An Emergency Evacuation Kit

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Should you be threatened by an earthquake, violent weather or EMP attack, if you are a fan of military conspiracy novels, you know that you should have an emergency evacuation kit or go-bag.

If you’re forced to leave your home, you may have less than a minute to get out. Having an emergency evacuation kit packed and ready to go could mean the difference between your wellbeing and hardship.

“You can’t control disasters, but you can control how prepared you are for them,” said Rafael Lemaitre, director of public affairs for the Federal Emergency Management Agency.

What should you have in an emergency evacuation kit? According to Zillow the kit should include:

  • Cash: In small bills. If the power is out, you won’t be able to make withdrawals from an ATM.
  • Identification: Copies of your driver’s licenses, Social Security card, birth certificate and marriage records.
  • Insurance: Copies of home, auto and health policy information.
  • Banking: Savings and checking account numbers.
  • First-aid kit: The American Red Cross recommends bandages in various sizes, gauze pads, adhesive cloth tape, antiseptic wipe packets, antibiotic ointment, hydrocortisone ointment, an oral thermometer, non-latex gloves, scissors, tweezers and aspirin.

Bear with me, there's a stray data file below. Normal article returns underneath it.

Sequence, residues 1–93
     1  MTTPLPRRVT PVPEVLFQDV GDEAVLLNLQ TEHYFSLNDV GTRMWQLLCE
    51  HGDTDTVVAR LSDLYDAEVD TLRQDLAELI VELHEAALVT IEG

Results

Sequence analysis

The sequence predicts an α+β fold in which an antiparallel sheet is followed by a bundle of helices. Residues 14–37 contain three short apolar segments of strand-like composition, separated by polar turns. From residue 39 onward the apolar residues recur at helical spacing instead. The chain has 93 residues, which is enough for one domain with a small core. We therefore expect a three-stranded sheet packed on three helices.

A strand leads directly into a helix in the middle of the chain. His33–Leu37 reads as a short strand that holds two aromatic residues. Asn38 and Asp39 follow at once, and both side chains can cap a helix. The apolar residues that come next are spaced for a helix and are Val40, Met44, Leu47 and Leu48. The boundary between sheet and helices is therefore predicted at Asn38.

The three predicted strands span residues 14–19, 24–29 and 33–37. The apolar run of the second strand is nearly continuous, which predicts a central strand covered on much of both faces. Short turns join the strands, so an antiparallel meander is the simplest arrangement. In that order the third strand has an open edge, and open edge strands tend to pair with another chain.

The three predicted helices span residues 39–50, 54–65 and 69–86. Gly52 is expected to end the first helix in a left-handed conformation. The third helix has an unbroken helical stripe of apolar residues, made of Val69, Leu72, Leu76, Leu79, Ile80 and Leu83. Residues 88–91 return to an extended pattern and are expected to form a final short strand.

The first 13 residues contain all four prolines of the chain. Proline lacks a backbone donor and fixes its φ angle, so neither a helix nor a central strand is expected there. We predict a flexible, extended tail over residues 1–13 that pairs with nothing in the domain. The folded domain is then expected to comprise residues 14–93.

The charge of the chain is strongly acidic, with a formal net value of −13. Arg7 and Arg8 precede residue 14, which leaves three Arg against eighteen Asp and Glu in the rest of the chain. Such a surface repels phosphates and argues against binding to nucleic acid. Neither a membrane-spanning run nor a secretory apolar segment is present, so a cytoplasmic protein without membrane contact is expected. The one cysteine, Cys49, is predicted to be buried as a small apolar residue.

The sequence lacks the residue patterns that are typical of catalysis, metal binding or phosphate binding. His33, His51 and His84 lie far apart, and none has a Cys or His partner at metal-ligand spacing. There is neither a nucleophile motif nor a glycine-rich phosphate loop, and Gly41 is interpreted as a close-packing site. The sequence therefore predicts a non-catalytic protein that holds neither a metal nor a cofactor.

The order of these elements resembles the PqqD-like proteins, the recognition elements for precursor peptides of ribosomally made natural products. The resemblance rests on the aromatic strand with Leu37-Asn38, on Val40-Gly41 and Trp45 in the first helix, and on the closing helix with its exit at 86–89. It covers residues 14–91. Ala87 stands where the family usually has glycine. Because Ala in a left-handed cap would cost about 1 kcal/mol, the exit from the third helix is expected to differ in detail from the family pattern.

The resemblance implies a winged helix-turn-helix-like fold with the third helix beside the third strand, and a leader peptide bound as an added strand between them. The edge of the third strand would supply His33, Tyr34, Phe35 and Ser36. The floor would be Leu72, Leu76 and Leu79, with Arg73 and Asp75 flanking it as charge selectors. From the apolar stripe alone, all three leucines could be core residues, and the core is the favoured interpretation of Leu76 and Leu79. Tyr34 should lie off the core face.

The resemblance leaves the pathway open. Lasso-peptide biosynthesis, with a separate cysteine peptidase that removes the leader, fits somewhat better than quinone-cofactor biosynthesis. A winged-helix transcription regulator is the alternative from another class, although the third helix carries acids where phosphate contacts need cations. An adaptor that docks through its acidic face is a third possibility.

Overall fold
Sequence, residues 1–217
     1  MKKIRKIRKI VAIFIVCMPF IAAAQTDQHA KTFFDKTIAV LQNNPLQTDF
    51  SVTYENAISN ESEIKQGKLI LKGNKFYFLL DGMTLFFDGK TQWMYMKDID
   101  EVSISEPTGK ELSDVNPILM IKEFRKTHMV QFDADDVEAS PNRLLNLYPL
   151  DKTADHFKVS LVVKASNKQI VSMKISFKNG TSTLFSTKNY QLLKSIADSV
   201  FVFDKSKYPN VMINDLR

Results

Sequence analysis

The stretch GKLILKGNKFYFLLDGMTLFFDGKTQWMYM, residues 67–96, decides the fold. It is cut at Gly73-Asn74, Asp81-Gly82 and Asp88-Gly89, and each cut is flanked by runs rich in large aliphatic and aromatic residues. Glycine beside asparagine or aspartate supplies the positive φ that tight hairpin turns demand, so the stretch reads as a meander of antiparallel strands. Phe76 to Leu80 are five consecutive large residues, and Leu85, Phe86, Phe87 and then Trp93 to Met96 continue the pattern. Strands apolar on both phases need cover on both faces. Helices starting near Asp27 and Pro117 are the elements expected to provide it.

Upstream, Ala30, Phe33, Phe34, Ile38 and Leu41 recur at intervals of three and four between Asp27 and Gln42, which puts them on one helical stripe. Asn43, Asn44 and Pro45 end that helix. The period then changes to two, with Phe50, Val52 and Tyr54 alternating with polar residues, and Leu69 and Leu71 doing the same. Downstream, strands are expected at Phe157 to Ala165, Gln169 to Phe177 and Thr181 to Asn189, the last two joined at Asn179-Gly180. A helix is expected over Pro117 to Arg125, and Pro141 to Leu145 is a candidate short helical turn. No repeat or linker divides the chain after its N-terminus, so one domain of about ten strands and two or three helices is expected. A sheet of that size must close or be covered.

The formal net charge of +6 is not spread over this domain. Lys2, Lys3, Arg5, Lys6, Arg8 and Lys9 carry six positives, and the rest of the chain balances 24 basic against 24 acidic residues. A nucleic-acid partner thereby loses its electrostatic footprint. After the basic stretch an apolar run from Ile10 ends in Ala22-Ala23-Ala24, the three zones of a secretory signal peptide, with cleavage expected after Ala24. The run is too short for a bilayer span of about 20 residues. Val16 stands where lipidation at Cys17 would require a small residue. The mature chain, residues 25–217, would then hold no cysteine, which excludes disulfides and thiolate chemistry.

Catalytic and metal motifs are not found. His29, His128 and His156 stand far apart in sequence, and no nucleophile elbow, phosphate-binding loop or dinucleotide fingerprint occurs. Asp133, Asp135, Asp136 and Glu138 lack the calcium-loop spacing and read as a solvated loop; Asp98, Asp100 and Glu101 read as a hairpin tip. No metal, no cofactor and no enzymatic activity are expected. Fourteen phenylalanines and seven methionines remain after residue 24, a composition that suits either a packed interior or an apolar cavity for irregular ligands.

• Medication: Keep at least a seven-day supply of essential medications in your evacuation kit and determine how often you should replace stored medication. Have extra copies of prescriptions or leave a copy of your prescriptions on hold with a national pharmacy chain or with a relative who lives some distance away.
  • Legal: Copies of wills or power-of-attorney documents.
  • Contact information: Doctors, family members, friends and work contacts, among others.
  • Connectivity: An extra cellphone charger or portable charging unit for your phone. Solar and wind-up chargers are available, while others use small batteries.
  • Navigation: A map of your city or region that includes street names and public transportation information. Disasters often force detours and changing traffic patterns; a map will help keep you from getting lost.

I would consider adding a hunting knife, a paperback about edible plants, some fishing hooks and line, waterproof matches, a flashlight, a plastic tarp for the ground and rain protection, light nylon rope, hiking shoes or boots, dry socks, and water purification straw and tablets.

I would have a discussion with members of your family where to rendezvous if separated should an emergency occurs. Consider obstacles that could impede your travel like rivers and bridges.

Store your emergency supplies in a safe place where you can grab them easily.

“Studies have proven that the more prepared people are, the less anxious they are and the more quickly they recover from disaster,” said FEMA’s Lemaitre. “It only takes a few minutes a couple times a year to make sure your family’s evacuation kit is up to date, but it’s an important investment to make for you, your family and your children.”

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